Prime example: There was a boy I went to elementary school with who got into it with some gang members. Over what? I don't know, but the gang members followed him to school. They walked inside of the school, past security guards and teachers, and they were determined to fight this boy. Somehow my school managed to hide the boy, and the gang members left. A few minutes later as I'm lining up to go inside the entrance doors to my elementary school, this car comes speeding around the corner. I look over, and it's the boy's father. The father got out of the car with a bat, chains and his coat looked a little puffy. He walked past all of us into the school, we heard yelling about "Where is my son?" and then the boy resurfaced. That father put his life on the line for his son. I was in awe.

 

I'm not saying parents have to play superhero. All I'm saying is I admired that type of parental dedication. I admired how his father was going to do anything to make sure his son was safe. I understand why parents are keeping their children home from Fenger High School, but I hope they're homeschooling these kids while they're there. The father immediately had his son transferred out of my elementary school. I thought I'd never see that boy again, but to my surprise, I saw him during high school orientation. He ended up going to Morgan Park with me. Later on in life, I heard he became a lawyer. Crazy how parental protection works, huh?

 

 

Note: And just in case you're curious, the living twin went on to work in the corporate world and became a deacon. My other cousin, his sister, is now a teacher.

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17 Comments

Ayesha Cummings said:

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Ayesha Cummings

Professor D.A. Justice

English Composition and Argument 112

December 3, 2009

I am a Social Work Major at Shaw University and have been instructed to post a portion of my final paper for English Composition and Argument. My target audience is parents of the urban community; specifically those of African decent.

Black Youth at Risk: What Are We Doing About It?


According to the CDC, “Black children represent an overwhelming majority of crime victims and crime perpetrators.” It is apparent to me that many of our Black youth are engaged in violent acts in an ill attempt to express their anger and frustration. The issues that may cause them to have such emotions are more likely to be a combination of complex issues. However, I do believe that the lack of parental support and being raised in dysfunctional homes are two major factors. Despite the many issues that may cause their violent behavior, what are we as parents doing to address the problems and counteract the affects that they have on our children? The CDC Reports that, “Among 10-24 years-old, homicide is the leading cause of death for young African Americans.” Their statistics show that 62.2 percent of 100,000 of the deaths that occurred just this past summer were African American males between the ages of 10-24. If we do not grasp the severity of what is going on and take action, trends show that the problem is likely to get worse. We can no longer stand by and allow society to raise our children. It is time for action! I don’t claim to have a solution; my hope is to make an appeal to all parents especially to those who say “It’s not my child”, “It won’t happen to mine” or “My neighborhood is safe”. If your child leaves your presence, it’s possible. In fact, even your presence may not be a deterrent.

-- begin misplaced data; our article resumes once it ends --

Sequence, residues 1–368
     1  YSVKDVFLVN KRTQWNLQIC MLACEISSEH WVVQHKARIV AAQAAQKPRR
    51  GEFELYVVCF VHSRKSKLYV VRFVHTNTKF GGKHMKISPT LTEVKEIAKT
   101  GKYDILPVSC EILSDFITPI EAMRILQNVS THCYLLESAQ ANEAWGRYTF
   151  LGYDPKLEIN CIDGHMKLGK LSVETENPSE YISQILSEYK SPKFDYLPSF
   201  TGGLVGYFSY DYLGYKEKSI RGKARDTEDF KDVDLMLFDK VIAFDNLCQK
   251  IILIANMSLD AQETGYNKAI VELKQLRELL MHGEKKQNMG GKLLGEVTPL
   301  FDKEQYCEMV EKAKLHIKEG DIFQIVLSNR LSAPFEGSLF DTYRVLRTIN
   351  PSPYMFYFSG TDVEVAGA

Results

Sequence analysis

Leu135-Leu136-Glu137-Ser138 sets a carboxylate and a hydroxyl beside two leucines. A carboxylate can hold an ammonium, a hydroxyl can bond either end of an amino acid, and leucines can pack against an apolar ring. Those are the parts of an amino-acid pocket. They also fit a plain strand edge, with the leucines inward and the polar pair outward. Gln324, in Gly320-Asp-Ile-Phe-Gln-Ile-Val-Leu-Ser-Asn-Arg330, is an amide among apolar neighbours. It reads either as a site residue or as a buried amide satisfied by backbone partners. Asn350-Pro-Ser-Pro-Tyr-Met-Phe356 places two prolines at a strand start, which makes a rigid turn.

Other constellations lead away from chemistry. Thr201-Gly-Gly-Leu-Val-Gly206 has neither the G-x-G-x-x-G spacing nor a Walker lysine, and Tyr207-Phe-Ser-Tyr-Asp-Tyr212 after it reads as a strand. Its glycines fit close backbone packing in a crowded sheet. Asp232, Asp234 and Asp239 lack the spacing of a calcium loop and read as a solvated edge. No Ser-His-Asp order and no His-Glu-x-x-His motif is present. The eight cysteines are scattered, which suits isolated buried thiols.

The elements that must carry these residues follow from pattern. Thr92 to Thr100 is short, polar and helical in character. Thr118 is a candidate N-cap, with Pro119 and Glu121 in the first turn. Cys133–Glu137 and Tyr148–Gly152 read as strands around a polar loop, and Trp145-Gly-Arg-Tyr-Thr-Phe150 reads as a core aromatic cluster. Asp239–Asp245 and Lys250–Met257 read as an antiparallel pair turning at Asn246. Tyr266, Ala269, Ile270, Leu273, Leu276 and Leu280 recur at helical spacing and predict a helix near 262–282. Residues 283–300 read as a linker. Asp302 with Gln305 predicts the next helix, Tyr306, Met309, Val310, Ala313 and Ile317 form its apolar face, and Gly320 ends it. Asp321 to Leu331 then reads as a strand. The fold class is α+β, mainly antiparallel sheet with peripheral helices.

Message from Montie said:

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Ayesha, so what is your suggestion for a solution? I know you said you don't have a complete solution, but what do you suggest happen to help change those statistics. I say parents should be more involved in picking up their kids and get in the PTA and after-school programs. And you?

Ayesha Cummings said:

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Montie, I agree that being involved in school activities and being present when your child is dismissed is important but the reality is that many parents are not able to do these things. I believe that parental support in all areas would be most effective. We need to make sure that we take the time to talk to our children and educate them about life, including the possible dangers and consequences involved with doing wrong. We need to be aware of what’s going on in their lives, happening at school, and know who their friends are. We must be proactively involved in every aspect of our children’s lives. So many of us wait until the dilemma occurs, but that might be too late. I understand the constraints of being a single parent and the struggles of two parent families, where both parents have to work. In such circumstances, there is an extra effort required for you to work harder at being involved. If you need additional help such as youth programs or recreational centers, there are support services available to people of every economic status. I just feel like we can no longer allow any excuses for not doing all we can; this issue is too serious to ignore.

Message from Montie said:

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Ayesha, I do see where you're coming from about parents just not having the time to monitor the schools and their kids during school hours, but the reality is that the students who really NEED to be talked to may have parents instigating the issues or telling them not to be a punk. And then there are those with no suitable role models altogether. By telling the parents to talk to their children, we're assuming the parents have more sense than the children. I'm talking about parents in general, not just from this school, and I met a large amount of unique parents who had no business having kids. That's when the parents have no choice but to get involved. They can't raise their kids and everybody else's too.

Ayesha Cummings said: